Double-Take: No Driver in the Truck Next to You?

  • September 1, 2017
  • Tractor-Trailer Accidents
  • 0 Comments

Self-driving cars may rattle some of us. But can you imagine a self-driving tractor-trailer? How do you feel about being on the road with them?

It’s something to get used to now, because self-driving semis are here. In fact, “platoons” of self-driving trucks traveled across country borders in Europe during April, 2016. (When trucks “platoon,” a small grouping of trucks drive in convoy autonomously while connected wirelessly; the truck in the lead determines the route and speed.) The self-driving trucks left factories for Rotterdam, The Netherlands, from locations as far-flung as Sweden and southern Germany. It was the first cross-border experiment using self-driving trucks.

While the trucks did have human beings riding along because the vehicles were not completely autonomous, the day of self-driving semis is coming.

Major Players in Autonomous Large Trucks

Would it surprise you to find out that Silicon Valley has an enormous vested interest in reducing their shipping costs? Think about how often you purchase something online. A number of us shop online regularly. Wouldn’t self-driving trucks potentially cut the costs of doing business?

Not only that, certain tech companies can make money off the technologies needed to create self-driving trucks and, eventually, completely autonomous trucks. Their names? Waymo (a division of Google); Otto (part of Uber, the ride-providing company); Peloton (backed by UPS and Volvo); Daimler (parent company of Mercedes); and a dark horse, Starsky Robotics, among others.

Truck driving is the most common job in 29 of our 50 states. But it also has a high turnover rate, or rate of driver replacement annually—81 percent, or 4 out of 5 drivers—because of the long hours and relatively low pay combined with stressful conditions. Self-driving trucks could be on our highways within a mere 3 to 4 years, according to experts who spoke in July, 2017, at the Automated Vehicles Symposium in San Francisco. The executive chairman of the fourth largest trucking company in our country, Max Fuller of U.S. Xpress, Inc., believes that Level 4 autonomous trucks will be in use within 4 years. A Level 4 autonomous vehicle is defined as one that is self-driving, except in certain unusual situations where a human may need to take over the controls, according to the National Highway Traffic Safety Administration.

What Are the Tech and Automotive Companies Doing?

The following companies are working hard to bring autonomous trucking to fruition. We have brief summaries of what a number of the major players in self-driving trucks are working on:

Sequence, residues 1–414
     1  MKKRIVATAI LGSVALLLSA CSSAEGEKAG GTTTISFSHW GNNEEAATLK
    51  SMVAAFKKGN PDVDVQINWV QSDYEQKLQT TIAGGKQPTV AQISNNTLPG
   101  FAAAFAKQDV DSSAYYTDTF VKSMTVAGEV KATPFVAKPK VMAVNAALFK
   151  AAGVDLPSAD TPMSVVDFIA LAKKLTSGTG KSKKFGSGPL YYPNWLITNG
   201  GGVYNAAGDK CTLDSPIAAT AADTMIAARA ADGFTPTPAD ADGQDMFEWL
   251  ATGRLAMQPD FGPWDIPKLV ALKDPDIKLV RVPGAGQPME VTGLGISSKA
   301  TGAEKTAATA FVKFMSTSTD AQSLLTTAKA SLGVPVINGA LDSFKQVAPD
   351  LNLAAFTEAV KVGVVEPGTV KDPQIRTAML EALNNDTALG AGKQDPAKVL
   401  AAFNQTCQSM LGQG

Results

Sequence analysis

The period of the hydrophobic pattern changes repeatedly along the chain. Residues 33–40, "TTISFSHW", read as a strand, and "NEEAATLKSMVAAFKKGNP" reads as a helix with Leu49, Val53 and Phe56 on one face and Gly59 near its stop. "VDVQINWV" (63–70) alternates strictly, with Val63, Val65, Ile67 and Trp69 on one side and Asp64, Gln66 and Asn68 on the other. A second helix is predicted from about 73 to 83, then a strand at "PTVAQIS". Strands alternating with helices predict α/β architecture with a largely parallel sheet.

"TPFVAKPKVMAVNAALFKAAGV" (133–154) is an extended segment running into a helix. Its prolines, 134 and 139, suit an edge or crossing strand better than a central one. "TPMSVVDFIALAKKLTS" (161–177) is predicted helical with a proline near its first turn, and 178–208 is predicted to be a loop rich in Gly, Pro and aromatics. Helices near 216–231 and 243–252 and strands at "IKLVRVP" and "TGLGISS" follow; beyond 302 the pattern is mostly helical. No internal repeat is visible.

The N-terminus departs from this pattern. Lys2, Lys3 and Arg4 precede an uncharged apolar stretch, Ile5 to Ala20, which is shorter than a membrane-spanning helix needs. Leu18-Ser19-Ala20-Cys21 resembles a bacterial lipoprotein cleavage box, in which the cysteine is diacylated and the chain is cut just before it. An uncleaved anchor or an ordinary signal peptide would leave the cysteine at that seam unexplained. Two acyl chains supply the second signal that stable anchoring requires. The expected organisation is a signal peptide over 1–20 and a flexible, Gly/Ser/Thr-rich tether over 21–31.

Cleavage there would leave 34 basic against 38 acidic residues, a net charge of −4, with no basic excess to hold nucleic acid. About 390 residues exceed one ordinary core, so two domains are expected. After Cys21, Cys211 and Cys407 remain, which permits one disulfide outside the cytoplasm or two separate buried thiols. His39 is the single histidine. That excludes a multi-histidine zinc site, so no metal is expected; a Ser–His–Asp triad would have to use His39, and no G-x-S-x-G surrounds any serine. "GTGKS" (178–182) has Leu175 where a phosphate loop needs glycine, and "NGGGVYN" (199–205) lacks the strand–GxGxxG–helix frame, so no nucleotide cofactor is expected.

• The mission of Otto (Uber) is to create trucks that can drive 24/7 because this situation would allow drivers to take naps. However, Otto and Waymo are in the middle of a complicated lawsuit involving patents and trade secrets, which could delay things for both parties.
  • Waymo (Google) wants self-driving trucks in order to reduce the number of road deaths related to trucks.
  • California-based Starsky Robotics is creating a kit that can be retrofitted onto trucks to provide them with autonomous capabilities.
  • Peloton (UPS and Volvo) is focusing on truck platooning as a way to save fuel. Volvo is also developing its own self-driving trucks that are meant for specific industries, such as mining.
  • Daimler (Mercedes) is working on semi-autonomous trucks in order to reduce driver stress and to make trucks safer.

While it will still be a number of years before you spot empty driver’s seats in trucks as you roll down the highway, autonomous trucks are clearly on their way. High job turnover, low wages, and a growing driver shortage will continue to “drive” the possibilities of autonomous trucks.

Truck Accident? Turn to Steve Heisler, The Injury Lawyer.

If you have been involved in a collision with a truck, you may be concerned about how you’re going to make ends meet. You may be confused about how to go about seeking compensation from the negligent driver. That’s understandable. Not only are truck accidents likely to be serious due to the size of the vehicles involved, but they are legally more complex and may involve multiple parties, including the driver’s company, truck owner, truck manufacturer and others.

Steve Heisler has been helping injured people in Maryland for more than two decades with all types of vehicular accidents. Steve’s thorough investigation will uncover all potential defendants in your case, demanding just compensation for your medical expenses, rehabilitation, loss of income, and pain and suffering. If you lost a loved one because of a big rig driver’s negligence, Steve can help your family recover through a wrongful death lawsuit.

You’d better believe the trucking company and its insurer will have a team of lawyers to protect their interests. Contact Steve Heisler, The Injury Lawyer, to protect yours. Call 1-410-625-4878 for a no-cost, no-obligation consultation, or use our online contact form.

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